Trees die in the yard over the years. Sometimes the death comes with a crash after a big wind or lightning. The ol’ husband, chain saw in hand, typically rushes out to the tree carcass. I think it is his Paul Bunyan bloodline or something. An actual tree-fall encourages his quick actions, and before you know it, there is only a pile of firewood and a tree stump left where the “majestic front yard mighty oak” once grew.
After Mimi’s good ol’ husband did his duty recently, Mimi only saw the stump in the front yard. She looked past the leaf and branch debris now raked neatly. She looked past the firewood piles. She only saw that stump. If that husband had Bunyan’s genome, Mimi had Gramma’s arts and crafts gene. No artistic wife could fathom abandoning a stump like the one in Mimi’s front yard.
Her creative juices began flowing immediately as she contemplated that stump. Her artistic fairy began fluttering and planting an idea in her fertile brain. “The stump was in the front yard, right near the sidewalk and street. Why not,” she thought, “turn this tree remnant into a little house, a fairy house or gnome house? Yes, a gnome tree stump house?” Mimi did have to work too hard to convince a reluctant husband to work with her to build this very special gnome dwelling because it would be fun.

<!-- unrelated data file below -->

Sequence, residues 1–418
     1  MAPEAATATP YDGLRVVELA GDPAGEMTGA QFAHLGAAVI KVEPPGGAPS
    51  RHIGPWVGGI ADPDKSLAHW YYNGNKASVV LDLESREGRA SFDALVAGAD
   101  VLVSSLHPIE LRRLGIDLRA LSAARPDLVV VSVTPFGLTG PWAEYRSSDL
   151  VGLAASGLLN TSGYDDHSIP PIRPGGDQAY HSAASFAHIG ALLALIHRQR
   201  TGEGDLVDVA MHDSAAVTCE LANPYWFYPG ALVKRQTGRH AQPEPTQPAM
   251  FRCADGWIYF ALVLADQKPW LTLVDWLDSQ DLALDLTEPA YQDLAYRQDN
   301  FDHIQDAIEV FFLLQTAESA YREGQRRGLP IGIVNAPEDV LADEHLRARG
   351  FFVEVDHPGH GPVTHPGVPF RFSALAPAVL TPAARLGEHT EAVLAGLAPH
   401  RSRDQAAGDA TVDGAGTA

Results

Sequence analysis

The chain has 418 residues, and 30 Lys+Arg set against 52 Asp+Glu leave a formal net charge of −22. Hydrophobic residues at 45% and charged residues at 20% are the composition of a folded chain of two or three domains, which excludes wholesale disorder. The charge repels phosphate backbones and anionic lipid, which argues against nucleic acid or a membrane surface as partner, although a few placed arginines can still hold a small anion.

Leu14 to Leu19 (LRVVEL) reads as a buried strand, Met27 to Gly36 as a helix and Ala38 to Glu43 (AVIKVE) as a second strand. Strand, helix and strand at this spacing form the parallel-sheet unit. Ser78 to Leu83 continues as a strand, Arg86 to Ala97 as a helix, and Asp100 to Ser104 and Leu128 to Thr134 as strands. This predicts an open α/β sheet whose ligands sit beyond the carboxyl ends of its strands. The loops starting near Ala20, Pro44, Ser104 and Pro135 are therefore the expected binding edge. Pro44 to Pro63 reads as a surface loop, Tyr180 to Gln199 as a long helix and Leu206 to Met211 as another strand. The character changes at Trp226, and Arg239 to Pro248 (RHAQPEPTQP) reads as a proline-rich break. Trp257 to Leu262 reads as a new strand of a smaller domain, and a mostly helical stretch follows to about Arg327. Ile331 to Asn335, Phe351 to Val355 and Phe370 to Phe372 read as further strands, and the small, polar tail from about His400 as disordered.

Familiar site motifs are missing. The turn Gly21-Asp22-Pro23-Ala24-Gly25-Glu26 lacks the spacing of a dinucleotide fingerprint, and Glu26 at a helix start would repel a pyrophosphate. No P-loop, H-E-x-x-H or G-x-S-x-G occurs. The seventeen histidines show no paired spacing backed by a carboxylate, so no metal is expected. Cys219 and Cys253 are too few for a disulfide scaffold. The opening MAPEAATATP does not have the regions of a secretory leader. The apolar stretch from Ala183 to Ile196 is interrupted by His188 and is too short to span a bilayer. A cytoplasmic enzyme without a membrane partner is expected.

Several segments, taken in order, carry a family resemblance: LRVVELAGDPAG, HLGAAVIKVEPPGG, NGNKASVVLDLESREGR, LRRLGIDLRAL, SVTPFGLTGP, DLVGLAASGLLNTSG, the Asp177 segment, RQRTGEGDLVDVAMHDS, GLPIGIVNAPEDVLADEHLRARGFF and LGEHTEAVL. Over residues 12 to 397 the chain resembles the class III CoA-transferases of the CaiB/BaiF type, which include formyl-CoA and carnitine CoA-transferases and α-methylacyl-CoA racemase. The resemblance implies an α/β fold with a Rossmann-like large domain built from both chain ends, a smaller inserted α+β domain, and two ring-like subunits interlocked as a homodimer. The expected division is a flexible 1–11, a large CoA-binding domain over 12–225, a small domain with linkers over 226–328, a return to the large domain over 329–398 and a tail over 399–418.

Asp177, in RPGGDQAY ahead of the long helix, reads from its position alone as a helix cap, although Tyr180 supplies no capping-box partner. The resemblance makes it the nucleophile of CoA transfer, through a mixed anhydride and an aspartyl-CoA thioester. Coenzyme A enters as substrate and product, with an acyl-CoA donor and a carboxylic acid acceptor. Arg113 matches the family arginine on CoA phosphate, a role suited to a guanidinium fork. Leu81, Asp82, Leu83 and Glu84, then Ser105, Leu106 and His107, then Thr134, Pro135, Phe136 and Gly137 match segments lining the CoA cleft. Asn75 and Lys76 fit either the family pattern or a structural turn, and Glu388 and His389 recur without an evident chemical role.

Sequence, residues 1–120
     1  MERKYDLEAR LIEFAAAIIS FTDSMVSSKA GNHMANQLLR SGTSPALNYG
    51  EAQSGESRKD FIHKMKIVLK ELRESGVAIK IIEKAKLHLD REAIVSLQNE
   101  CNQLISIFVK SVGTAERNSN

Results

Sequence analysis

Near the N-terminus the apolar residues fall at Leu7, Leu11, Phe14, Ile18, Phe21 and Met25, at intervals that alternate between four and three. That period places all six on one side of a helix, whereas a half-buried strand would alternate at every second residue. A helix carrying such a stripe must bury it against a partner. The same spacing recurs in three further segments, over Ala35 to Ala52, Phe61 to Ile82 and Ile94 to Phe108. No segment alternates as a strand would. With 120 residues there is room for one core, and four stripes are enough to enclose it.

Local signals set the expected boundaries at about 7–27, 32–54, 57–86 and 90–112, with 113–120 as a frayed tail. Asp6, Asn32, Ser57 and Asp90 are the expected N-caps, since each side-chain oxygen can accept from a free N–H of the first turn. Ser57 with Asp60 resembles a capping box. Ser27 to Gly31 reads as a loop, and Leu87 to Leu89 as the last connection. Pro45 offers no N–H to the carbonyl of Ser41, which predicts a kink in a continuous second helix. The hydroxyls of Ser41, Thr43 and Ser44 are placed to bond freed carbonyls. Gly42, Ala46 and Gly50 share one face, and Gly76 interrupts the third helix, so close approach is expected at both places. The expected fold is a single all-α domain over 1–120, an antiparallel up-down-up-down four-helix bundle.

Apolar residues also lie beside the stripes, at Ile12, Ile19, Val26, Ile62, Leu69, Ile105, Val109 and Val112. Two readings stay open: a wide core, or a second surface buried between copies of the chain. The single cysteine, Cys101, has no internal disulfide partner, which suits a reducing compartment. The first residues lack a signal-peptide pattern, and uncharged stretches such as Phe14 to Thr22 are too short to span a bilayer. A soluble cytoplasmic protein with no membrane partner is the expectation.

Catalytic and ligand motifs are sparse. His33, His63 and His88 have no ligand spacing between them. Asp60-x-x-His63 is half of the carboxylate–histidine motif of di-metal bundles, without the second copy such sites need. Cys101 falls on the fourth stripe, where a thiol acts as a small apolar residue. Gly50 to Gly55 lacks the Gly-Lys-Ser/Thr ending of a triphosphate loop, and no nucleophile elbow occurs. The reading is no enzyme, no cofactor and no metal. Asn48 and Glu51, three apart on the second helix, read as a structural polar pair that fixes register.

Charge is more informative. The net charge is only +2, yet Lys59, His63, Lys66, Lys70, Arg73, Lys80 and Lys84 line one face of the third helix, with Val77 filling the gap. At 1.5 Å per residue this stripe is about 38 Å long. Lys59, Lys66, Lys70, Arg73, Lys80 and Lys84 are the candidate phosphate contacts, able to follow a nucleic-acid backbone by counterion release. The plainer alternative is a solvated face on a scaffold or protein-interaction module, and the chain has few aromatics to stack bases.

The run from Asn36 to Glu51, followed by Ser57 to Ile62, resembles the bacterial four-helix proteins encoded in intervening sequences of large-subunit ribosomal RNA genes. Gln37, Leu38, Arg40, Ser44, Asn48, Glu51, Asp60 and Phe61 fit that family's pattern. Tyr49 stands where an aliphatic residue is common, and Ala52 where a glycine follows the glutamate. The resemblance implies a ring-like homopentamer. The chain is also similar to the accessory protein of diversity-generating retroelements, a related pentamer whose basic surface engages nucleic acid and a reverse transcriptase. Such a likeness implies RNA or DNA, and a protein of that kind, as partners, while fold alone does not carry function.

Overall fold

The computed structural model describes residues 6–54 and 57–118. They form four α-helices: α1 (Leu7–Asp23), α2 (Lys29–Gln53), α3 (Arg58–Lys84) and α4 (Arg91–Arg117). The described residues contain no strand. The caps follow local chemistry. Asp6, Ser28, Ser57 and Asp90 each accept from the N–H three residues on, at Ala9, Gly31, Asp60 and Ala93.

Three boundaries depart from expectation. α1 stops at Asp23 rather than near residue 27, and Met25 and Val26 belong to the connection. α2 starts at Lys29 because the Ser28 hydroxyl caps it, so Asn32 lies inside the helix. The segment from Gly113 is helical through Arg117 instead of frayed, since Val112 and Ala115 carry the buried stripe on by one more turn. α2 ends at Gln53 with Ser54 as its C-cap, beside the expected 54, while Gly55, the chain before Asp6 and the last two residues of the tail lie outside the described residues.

Perhaps you have noticed that there aren’t many lumber yards providing building materials for gnome dwellings. The city knows nothing about such buildings, so at least there were no building codes to worry about. And you really can forget plumbing and electricity. Mimi and recruited husband compiled a list of building materials and scoured a variety of lumber, hardware, and houseware stores near and far. They visited Lowe’s. They were at Walgreen’s—that’s where they got the band-aids for a few smashed fingers. They hit the dollar store and the Ace hardware. They scavenged wood scraps and pounced on used “construction” materials.
All materials were assembled by the stump and construction began, and without any building permit. The building slowly emerged as the pieces were added to the stump, item by item. Once the basic little house was completed, the couple added little decorating accoutrements.
Neighbors and visitors pass by the “Gnome Home” today and take note of a shepherd’s crook leaning against the little building. A scale-size lantern stands “ready” for light in the evening. Windows of wood frame a living area within the stump. Miniature pots of clay hold actual flowers. Yes, Mimi and husband have turned a left-over stump into a neighborhood source of pride. It all happened in just two weeks from dead tree to little house on the front lawn.